I dreaded this day for a lot of the month. It seems, well, old. And it’s not of course, but it just seems old. I was once (apparently) 30 years old. That’s like 15 years younger. Actually it’s exactly that. I’m 50% older than that.

And, of course, it’s a mistake to think like that, because frankly, yer lookin in the wrong direction. I hate to sound like an Obama ad, but I’m looking forward.

By the beginning of this week, I felt differently about turning 45. And by last night, I felt great about it. It represents a clean slate, a new start on the next 45 years. A full third of my life has passed. 🙂

And the more I thought about it, the more I decided that that’s exactly what this is: closing the door on a really amazing life–full of accomplishments, failures, joy, pain, love, mistakes, learning, growth, great people, a few lousy ones, opportunities I never dreamed of when I was 20, crazy debt, crazy money, and then normalcy–a rich life, and opening the door to the next one, but better equipped.

So when I woke up this morning, I smiled and thought about what I get to do today. Checked my phone, and had a nice text from a great friend wishing me a great day, and then a bit later another one from a new friend I met through gardening, and then an email or two, and it all reminded me of the sources of joy in my life.

And I made a decision by Wednesday that I’ve been building toward for years. My life’s work–what is it? In past posts I’ve talked about it, and thought it was to help the helpers.

But I’ve come to realize that I need to be the helper too, and that there’s a big problem in my city that we can fix, and maybe, if it works, maybe it will serve as a model for other cities: ending poverty as we know it, largely through business organized around employing people, like Greyston Bakery (we don’t hire people to bake brownies, we bake brownies to hire people).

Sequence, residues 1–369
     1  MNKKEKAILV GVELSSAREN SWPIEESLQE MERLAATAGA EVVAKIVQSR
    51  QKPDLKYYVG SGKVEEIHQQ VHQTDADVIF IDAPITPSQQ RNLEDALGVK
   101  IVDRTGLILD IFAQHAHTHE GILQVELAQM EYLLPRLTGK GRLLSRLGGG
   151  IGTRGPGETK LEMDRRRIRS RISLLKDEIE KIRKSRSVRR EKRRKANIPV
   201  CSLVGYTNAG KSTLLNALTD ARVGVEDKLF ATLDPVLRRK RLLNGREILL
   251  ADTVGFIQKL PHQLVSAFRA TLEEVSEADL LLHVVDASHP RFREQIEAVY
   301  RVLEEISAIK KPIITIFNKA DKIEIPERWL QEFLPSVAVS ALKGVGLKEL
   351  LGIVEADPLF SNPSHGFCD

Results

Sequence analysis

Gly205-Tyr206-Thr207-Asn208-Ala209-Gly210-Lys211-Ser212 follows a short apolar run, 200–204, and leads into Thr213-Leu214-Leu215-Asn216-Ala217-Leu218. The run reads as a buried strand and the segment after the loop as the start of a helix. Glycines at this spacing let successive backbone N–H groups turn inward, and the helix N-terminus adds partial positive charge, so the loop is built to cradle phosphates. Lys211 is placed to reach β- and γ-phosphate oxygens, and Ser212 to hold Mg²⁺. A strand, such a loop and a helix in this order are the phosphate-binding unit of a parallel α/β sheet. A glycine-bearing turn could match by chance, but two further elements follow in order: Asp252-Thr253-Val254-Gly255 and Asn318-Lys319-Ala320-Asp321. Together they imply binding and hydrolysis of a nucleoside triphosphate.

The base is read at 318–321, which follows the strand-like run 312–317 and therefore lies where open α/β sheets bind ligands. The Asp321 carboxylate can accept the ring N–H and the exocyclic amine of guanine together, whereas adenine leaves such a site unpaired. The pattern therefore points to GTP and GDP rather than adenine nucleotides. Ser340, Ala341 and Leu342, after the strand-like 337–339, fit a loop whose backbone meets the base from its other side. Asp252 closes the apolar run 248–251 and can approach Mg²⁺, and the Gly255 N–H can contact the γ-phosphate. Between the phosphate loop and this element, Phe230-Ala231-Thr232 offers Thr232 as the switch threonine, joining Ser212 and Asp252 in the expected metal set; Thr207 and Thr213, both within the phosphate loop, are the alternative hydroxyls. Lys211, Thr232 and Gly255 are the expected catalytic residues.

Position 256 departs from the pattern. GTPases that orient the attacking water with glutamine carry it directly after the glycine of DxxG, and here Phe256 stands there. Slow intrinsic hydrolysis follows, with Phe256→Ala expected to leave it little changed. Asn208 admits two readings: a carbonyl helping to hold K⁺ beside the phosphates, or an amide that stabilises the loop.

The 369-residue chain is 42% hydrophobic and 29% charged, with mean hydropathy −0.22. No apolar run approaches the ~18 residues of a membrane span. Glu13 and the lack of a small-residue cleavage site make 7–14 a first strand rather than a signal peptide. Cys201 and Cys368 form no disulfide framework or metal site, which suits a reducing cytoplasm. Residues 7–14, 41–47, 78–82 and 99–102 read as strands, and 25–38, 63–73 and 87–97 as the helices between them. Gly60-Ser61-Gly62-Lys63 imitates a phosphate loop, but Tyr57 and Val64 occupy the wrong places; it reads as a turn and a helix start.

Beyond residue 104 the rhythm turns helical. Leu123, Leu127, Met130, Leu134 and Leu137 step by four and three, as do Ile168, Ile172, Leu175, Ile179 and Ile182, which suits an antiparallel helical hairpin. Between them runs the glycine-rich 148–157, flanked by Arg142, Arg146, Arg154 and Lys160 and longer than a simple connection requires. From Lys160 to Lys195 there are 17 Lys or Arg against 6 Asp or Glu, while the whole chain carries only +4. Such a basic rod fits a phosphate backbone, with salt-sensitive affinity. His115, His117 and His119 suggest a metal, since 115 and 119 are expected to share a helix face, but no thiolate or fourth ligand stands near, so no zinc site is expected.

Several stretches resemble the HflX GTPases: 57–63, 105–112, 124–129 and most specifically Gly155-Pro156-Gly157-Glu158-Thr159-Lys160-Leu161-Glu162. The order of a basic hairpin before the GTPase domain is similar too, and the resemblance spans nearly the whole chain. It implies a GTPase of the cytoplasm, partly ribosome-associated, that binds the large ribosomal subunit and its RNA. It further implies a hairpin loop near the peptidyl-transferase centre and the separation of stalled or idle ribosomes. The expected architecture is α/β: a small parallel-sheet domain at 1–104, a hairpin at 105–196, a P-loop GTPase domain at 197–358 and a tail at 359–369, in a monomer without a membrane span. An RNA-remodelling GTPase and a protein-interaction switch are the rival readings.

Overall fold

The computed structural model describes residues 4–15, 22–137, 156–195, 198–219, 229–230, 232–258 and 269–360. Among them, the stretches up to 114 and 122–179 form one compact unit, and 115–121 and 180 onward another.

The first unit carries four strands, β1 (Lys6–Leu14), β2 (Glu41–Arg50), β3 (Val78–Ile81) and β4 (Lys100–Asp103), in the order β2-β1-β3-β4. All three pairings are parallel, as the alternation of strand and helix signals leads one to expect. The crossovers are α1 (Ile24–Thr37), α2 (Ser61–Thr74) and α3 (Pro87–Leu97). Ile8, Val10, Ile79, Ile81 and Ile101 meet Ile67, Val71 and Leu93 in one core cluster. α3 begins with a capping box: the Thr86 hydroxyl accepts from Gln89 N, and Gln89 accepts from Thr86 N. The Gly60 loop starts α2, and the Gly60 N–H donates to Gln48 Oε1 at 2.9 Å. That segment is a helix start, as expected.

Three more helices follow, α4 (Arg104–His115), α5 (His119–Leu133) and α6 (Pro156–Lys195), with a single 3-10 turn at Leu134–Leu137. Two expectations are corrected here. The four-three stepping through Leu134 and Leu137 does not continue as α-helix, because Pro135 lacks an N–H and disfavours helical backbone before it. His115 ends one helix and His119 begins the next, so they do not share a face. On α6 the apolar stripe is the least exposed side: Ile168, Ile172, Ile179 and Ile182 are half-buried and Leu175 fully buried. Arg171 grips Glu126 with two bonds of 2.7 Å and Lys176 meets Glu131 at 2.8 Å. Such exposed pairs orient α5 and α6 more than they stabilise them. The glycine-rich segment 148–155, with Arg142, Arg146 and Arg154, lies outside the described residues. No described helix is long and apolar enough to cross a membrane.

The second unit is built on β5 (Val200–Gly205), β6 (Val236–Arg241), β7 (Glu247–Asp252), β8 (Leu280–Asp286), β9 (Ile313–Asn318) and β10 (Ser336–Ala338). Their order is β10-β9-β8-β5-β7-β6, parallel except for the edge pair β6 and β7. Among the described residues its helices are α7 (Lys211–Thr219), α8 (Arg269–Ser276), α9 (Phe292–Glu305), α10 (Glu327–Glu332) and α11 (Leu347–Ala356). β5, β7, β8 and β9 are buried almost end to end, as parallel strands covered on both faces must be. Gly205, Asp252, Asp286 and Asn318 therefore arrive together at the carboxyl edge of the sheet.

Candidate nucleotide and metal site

Part of my decision is to start to leave the tech world in the next year or two; my next gig will likely be my last (for now).

Chasing the next big thing, raising capital, sitting at computers all day–it’s actually fun but it doesn’t feel like meaningful work as much as it did. It’s possible I’ll jump back in too–this might be just a catalyst role and I discover something along the way I have to pursue.

What I’m doing now with HN feels pretty good (helps the helpers) but there’s this nagging feeling that I’ve been neglecting to commit to this mission, and I’ve known for about 7 years that I need to do this sometime soon. It’s a big, crazy, scary mission–just the kind I like to take on.

And it will take 15 years. Or less. Or a lot more. This is the first time in my life where I’ve looked further ahead than 2 years, and even that was a struggle.

So I don’t know what the next 45 years will look like, but I have set my sights on the next 15, and it’s invigorating to think about. When I made the decision, I suddenly felt, well, relieved.

I’m grateful for this life and the people in it, including the 3 and a half people who read this blog, and I’m looking forward to the new adventures, successes, failures, joy, pain, love, mistakes, learning, growth, great people, and opportunities, so thank you if you’ve had a role in it.

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